Workshop pictures, Gaelscoil, Mount Juliet Christmas village…..

Once again I’m very busy, some of you might even ask what’s new? Unfortunately we don’t have wireless internet yet in the studios at Duckett’s Grove and this is meaning that I’m actually incommunicado for much of the week at present. The upside however ensures that I’m getting through my work in a more structured fashion, felting and updating the blog from Clasheen during the week and teaching/felting smaller projects at the studio for the weekends. Having Leiko living here too (in Tom’s house beside me) means that Rex isn’t lonely and my house isn’t untended while I’m away either, especially good as lambing season is just about tostart and I don’t want to lock Rex up all the time I’m away either.

Sharon, Helen, Tracy, Aideen, Anna, Lynsey and Jenny with their gorgeous felt flowers

This past weekend I facilitated two lovely workshops. On Saturday I had a fun group of family and friends for a surprise hen party/baby shower to felt flowers and on Sunday friend Paula and her daughter Sorcha made beautiful flat felt to be stitched into clutch bags. The Sunday session was my way of saying thanks to Paula for ensuring I submitted a proposal to Gaelscoil Eoghain Ui Thuairisc, as a result I start work this week on a large art project with 480 national school children!

 

Paula and Sorcha with their fabulous felt clutches

Emma Jane Champley and I also got good news this week, written confirmation that we’ve been accepted for two stands side by side at the Mount Juliet Christmas Village, a 16 day extravaganza which runs from 8th to 23rd December inclusive. Leiko’ll also be helping us man the fort and showing some of her latest designs so if Irish made high quality jewellery, felt, paintings and Christmas cards are of interest to you look no further!

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Exciting news – Leiko and I are organising a joint felting retreat at Clasheen!

Now that wonderful Japanese felter Leiko Uchiyama has moved next door we’ve started planning a series of workshops to deliver together designed to compliment our individual strengths. Our first three day felting retreat will take place at Clasheen from Tuesday 13th to Thursday 15th November inclusive and this will be the first time in Ireland that Leiko is offering a full workshop to learn her ‘pine needle’ technique! She’ll be teaching this on Tuesday (and Wednesday morning/afternoon for larger projects), I’ll be concentrating on naturally printing/dyeing on Wednesday then felting large nuno wearables and household textiles using the tumble dryer on Thursday, fine felt without fabric or cobweb felt is also an option with this method. The emphasis on all three days will be learning new skills, creating beautifully felted and finished pieces inspired by nature and having fun in a relaxed, peaceful, rural setting. Simple, tasty home cooking will be the order of the day and shared rooms are on site in comfortable farmhouse accommodation! A maximum of 5 residential places are available for the retreat but we will also be able to accommodate a few additional participants for the printing/dyeing day on Wednesday. I’ll post the prices etc. over the next day or two, stupidly I left them at home and I’m now in Duckett’s Grove and felting here for the rest of the day.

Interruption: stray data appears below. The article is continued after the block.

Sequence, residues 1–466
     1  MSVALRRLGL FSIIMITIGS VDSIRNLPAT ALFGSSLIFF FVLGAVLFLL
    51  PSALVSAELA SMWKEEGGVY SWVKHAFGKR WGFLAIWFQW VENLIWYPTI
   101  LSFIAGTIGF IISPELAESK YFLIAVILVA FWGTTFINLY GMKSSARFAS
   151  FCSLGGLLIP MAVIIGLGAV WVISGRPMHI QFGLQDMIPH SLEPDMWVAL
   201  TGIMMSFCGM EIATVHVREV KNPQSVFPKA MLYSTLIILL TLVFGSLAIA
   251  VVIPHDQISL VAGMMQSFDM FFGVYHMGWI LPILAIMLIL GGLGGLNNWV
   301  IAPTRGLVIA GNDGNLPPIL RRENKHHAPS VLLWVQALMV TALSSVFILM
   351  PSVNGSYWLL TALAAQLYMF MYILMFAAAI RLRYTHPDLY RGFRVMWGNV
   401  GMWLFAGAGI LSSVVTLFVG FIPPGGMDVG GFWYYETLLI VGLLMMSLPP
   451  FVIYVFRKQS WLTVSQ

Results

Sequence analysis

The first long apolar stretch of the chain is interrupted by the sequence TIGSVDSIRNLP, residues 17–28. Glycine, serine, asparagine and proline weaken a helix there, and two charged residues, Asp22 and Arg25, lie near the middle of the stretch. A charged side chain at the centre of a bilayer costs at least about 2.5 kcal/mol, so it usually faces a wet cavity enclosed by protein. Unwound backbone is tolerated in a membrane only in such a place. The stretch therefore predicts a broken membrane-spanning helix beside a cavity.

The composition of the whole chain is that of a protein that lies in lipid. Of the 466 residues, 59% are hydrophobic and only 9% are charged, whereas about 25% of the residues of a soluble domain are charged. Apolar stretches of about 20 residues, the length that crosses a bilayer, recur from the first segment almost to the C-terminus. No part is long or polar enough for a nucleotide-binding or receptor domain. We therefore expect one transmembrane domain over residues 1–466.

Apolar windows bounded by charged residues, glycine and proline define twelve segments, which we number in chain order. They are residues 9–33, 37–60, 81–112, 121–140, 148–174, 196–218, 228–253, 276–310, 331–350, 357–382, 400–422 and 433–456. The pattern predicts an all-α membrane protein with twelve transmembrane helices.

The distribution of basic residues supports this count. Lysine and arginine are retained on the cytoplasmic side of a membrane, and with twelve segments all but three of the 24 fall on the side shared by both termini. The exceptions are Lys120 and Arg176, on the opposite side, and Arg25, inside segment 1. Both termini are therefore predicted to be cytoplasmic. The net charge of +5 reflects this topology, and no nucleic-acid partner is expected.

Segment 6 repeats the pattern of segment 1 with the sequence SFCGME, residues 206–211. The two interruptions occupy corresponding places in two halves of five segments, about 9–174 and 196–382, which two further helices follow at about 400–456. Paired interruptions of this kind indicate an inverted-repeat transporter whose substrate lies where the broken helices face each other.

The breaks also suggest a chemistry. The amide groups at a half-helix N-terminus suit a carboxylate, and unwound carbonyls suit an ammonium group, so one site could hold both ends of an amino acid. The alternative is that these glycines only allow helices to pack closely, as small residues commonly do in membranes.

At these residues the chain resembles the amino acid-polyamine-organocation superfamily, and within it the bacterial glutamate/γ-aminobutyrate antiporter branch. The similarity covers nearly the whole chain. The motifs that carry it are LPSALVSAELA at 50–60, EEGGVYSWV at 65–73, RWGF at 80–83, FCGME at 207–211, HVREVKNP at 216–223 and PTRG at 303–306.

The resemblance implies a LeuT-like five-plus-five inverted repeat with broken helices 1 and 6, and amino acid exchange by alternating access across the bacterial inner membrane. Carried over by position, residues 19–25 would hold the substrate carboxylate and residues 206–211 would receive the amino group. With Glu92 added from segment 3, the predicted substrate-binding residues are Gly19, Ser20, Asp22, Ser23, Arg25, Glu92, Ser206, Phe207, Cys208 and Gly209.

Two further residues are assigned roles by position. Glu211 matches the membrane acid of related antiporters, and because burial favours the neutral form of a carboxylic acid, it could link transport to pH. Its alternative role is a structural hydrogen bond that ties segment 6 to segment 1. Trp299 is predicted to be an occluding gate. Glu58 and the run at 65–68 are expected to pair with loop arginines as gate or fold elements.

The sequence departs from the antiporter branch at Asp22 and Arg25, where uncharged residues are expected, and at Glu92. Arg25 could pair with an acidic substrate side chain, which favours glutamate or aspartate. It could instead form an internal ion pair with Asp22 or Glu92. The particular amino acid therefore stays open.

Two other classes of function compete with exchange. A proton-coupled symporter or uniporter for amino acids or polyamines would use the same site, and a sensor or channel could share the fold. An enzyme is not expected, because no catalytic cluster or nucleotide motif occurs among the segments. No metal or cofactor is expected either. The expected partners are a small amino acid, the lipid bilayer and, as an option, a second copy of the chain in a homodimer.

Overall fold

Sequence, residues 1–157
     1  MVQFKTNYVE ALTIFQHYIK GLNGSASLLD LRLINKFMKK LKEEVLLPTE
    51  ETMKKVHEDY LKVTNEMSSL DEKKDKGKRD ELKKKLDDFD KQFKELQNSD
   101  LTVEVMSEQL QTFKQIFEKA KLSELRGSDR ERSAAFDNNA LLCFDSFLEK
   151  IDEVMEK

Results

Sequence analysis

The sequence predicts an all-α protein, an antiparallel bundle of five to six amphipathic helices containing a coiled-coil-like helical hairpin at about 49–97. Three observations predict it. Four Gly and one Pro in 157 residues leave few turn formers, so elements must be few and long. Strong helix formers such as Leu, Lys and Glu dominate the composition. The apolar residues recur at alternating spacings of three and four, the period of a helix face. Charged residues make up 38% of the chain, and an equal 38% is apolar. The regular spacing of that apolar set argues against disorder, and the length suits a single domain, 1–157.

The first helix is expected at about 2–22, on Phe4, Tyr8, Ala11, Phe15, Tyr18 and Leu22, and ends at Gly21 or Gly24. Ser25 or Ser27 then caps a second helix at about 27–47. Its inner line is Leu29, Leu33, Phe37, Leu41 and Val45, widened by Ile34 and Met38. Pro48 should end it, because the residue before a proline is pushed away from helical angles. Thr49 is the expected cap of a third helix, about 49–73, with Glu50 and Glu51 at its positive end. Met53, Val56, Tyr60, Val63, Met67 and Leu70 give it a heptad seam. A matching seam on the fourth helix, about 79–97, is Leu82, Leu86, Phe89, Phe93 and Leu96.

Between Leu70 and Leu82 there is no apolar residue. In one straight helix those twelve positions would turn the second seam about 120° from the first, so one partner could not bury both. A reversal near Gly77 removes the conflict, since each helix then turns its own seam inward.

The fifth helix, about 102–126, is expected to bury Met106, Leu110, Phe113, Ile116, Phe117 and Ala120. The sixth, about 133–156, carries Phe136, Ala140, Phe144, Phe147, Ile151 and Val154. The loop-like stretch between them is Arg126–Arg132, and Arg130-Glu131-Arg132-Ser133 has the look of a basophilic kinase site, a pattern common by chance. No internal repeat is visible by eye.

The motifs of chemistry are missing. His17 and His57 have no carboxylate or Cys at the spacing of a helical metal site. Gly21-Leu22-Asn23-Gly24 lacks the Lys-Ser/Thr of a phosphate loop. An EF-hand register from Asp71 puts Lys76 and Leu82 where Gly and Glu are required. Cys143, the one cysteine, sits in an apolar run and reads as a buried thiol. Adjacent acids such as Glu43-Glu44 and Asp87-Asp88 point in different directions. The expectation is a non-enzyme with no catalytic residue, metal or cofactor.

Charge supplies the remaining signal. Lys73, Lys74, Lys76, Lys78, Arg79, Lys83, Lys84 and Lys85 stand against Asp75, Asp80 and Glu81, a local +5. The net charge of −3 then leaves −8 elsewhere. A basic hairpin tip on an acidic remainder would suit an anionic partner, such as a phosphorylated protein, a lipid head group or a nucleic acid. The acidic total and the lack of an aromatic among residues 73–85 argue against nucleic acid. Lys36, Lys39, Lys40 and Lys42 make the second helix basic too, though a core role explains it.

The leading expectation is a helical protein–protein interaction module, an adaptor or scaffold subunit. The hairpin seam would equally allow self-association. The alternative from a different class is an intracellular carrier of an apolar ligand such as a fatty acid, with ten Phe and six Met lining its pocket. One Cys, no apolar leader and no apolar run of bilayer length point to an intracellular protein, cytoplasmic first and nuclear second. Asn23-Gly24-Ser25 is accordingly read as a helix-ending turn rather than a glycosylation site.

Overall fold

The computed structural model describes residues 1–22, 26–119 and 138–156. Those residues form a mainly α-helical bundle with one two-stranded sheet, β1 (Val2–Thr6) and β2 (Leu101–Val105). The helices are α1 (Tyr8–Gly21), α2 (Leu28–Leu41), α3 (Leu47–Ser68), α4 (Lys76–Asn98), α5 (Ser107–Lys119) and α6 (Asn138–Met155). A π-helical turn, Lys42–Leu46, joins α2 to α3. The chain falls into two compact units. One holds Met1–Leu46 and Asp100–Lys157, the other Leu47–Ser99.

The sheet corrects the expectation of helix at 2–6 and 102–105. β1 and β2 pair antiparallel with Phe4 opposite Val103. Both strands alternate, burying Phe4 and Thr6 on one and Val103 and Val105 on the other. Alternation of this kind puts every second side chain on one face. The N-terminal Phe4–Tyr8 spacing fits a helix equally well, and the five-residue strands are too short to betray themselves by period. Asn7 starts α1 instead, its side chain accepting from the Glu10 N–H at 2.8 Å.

I’ll leave you with an image of a simple necklace I made this morning. I liked this tiger wire fitting which I bought last year in CA so now need to research the best place to buy these at a competitive price in Ireland.

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Reflections on our open evening at Duckett’s Grove and workshops next weekend